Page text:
Yesterday I entered China for the first time without a visa. Considering all the time and money I’ve spent in the past applying for them this was quite a revolution.
Starting earlier this year a number of big cities in China have begun a 72-hour visa-free transit policy which is intended to encourage citizens of certain countries to spend a couple of days in China while on their way to somewhere else (presumably to aid the local economy and business links).
As with most visa policies from China the details and rules are rather spread around and not entirely clear so I’ve put together a quick how to guide below based on my experience.
This does not constitute official guidance and you may want to contact immigration authorities or your airline for further details.
- You must have a passport from one of the eligible countries (see below)
- You must have a connecting flight ticket to a third country within 72 hours of arrival
Note: Passengers to and from Hong Kong, Macau and Taiwan are regarded as international passengers.
- Schengen countries in Europe: Austria, Belgium, Czech Republic, Denmark, Estonia, Finland, France, Germany, Greece, Hungary, Iceland, Italy, Latvia, Lithuania, Luxembourg, Malta, Netherlands, Poland, Portugal, Slovak, Slovenia, Spain, Sweden and Switzerland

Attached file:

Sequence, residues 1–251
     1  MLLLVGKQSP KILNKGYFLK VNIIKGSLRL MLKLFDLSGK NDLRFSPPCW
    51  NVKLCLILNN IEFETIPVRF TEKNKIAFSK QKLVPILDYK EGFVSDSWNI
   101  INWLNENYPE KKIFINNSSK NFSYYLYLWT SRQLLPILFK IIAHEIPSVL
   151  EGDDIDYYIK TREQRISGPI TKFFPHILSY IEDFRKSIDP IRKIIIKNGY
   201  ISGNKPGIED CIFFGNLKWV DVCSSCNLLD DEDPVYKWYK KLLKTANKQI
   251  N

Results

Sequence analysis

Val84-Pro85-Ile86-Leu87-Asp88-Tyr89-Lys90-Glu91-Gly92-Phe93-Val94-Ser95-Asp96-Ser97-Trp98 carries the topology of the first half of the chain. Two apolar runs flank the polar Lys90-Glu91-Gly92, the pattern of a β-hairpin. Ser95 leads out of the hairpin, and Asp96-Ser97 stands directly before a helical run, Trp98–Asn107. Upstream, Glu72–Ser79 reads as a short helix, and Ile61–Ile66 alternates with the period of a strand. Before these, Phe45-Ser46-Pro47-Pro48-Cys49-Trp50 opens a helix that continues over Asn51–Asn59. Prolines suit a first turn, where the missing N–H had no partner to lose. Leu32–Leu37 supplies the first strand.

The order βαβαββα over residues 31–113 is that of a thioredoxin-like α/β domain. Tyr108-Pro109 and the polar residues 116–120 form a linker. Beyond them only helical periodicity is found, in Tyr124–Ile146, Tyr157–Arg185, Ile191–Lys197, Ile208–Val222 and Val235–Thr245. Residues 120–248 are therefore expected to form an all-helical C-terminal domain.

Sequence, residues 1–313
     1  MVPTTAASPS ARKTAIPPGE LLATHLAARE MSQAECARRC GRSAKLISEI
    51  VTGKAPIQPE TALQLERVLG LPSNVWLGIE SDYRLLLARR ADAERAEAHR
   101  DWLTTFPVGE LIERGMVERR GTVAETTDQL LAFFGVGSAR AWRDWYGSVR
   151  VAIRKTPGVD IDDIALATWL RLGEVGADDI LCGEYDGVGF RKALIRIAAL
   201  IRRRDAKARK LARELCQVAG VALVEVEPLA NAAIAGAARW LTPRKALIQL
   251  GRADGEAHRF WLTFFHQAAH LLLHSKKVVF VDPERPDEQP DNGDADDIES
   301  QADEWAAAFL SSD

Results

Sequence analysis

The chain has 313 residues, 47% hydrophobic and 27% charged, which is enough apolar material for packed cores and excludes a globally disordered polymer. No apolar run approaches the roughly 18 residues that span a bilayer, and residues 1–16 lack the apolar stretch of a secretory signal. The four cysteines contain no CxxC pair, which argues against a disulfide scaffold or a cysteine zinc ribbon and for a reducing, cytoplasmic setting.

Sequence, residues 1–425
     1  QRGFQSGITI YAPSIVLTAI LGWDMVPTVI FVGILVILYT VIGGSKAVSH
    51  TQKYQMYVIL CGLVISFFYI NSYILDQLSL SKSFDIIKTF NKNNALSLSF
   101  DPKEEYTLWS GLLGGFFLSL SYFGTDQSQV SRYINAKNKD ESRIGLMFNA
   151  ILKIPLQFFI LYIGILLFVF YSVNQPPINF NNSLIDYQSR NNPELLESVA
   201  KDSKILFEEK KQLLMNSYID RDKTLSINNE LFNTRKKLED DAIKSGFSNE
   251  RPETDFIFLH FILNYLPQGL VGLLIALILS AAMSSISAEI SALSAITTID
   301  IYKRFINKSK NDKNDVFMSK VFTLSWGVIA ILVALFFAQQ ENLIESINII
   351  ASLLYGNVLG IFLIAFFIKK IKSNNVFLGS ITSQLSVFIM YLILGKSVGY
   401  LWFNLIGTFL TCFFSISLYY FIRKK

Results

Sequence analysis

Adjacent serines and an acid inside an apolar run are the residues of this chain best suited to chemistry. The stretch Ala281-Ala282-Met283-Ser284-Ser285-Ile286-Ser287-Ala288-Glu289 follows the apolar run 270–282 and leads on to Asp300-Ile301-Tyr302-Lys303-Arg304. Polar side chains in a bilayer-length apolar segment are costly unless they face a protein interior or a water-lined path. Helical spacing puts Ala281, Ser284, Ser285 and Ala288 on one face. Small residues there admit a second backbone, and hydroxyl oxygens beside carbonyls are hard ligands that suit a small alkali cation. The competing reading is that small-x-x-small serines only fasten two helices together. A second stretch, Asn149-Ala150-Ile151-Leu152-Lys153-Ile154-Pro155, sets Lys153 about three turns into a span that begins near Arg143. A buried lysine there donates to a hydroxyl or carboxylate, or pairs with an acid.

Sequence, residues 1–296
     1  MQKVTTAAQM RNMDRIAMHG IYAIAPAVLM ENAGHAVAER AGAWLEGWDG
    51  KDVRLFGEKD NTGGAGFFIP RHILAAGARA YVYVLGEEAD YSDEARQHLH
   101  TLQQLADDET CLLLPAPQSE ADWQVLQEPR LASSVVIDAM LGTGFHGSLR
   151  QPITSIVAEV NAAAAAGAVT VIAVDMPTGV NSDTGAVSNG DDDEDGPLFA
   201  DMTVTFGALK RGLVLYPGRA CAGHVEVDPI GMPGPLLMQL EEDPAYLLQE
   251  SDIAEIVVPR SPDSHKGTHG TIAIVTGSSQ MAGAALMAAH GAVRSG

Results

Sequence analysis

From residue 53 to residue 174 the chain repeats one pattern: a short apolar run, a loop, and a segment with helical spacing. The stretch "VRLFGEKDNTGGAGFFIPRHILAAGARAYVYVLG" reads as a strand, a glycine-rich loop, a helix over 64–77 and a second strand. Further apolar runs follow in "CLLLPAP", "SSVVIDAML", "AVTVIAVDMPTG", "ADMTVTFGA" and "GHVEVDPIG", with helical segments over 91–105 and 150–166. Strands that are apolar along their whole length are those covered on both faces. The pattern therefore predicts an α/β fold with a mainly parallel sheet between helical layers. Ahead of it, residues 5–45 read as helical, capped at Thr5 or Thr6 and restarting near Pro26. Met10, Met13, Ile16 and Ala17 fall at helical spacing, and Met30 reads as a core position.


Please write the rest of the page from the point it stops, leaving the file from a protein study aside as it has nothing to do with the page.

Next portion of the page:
- Other European countries: Russia, Great Britain, Ireland, Cyprus, Bulgaria, Romania and Ukraine
- American countries: The United States, Canada, Brazil, Mexico, Argentina and Chile
- Oceanian countries: Australia and New Zealand
- Asian countries: Republic of Korea, Japan, Singapore, Brunei, United Arab Emirates, and Qatar
Eligible Transit Airports
- Shanghai (Pudong or Hongqiao Airport – you may fly into one and out of the other)
Note: you are not allowed to leave the transit city during the 72 hours.
- Departure airport – at check-in tell the staff that you will be entering China on a 72-hour visa-free transit and show your connecting flight ticket (printout of e-ticket fine). The airline may make a copy of this.
- Arrival airport – at immigration use the dedicated 72-hour visa-free transit lane if available. You will be asked to show your connecting flight ticket again after which they will place a special stamp in your passport and explain the conditions of stay.
- Within china – if you are staying at someone’s home (opposed to a hotel) you must register at the local police station within 24 hours otherwise you may end up with a visit from the police and/or a hefty fine. It’s an annoying rule but one which is enforced (as I discovered).
- Departure from China – you must leave within 72 hours or face deportation/fine/prison. In case of a special need to stay longer you should apply for the relevant visa to the exit-entry administration department of the municipal public security authorities.
- Beijing – (+86) 010-56095400
- Shanghai – (+86) 021-51105100
- Guangzhou – (+86) 020-32090088
- Ministry of Public Security